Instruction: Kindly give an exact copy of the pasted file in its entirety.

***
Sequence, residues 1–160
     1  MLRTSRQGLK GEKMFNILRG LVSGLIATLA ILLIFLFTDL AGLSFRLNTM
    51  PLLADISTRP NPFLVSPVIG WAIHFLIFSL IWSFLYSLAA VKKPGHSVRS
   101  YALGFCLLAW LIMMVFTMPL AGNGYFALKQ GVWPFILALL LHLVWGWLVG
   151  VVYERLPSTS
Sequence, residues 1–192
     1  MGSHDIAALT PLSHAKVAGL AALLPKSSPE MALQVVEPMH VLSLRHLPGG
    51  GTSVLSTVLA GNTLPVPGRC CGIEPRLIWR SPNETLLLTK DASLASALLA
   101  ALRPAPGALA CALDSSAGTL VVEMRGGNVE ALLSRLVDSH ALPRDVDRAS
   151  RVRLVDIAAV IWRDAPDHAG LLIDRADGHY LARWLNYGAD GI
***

Sequence, residues 1–160
     1  MLRTSRQGLK GEKMFNILRG LVSGLIATLA ILLIFLFTDL AGLSFRLNTM
    51  PLLADISTRP NPFLVSPVIG WAIHFLIFSL IWSFLYSLAA VKKPGHSVRS
   101  YALGFCLLAW LIMMVFTMPL AGNGYFALKQ GVWPFILALL LHLVWGWLVG
   151  VVYERLPSTS
Sequence, residues 1–192
     1  MGSHDIAALT PLSHAKVAGL AALLPKSSPE MALQVVEPMH VLSLRHLPGG
    51  GTSVLSTVLA GNTLPVPGRC CGIEPRLIWR SPNETLLLTK DASLASALLA
   101  ALRPAPGALA CALDSSAGTL VVEMRGGNVE ALLSRLVDSH ALPRDVDRAS
   151  RVRLVDIAAV IWRDAPDHAG LLIDRADGHY LARWLNYGAD GI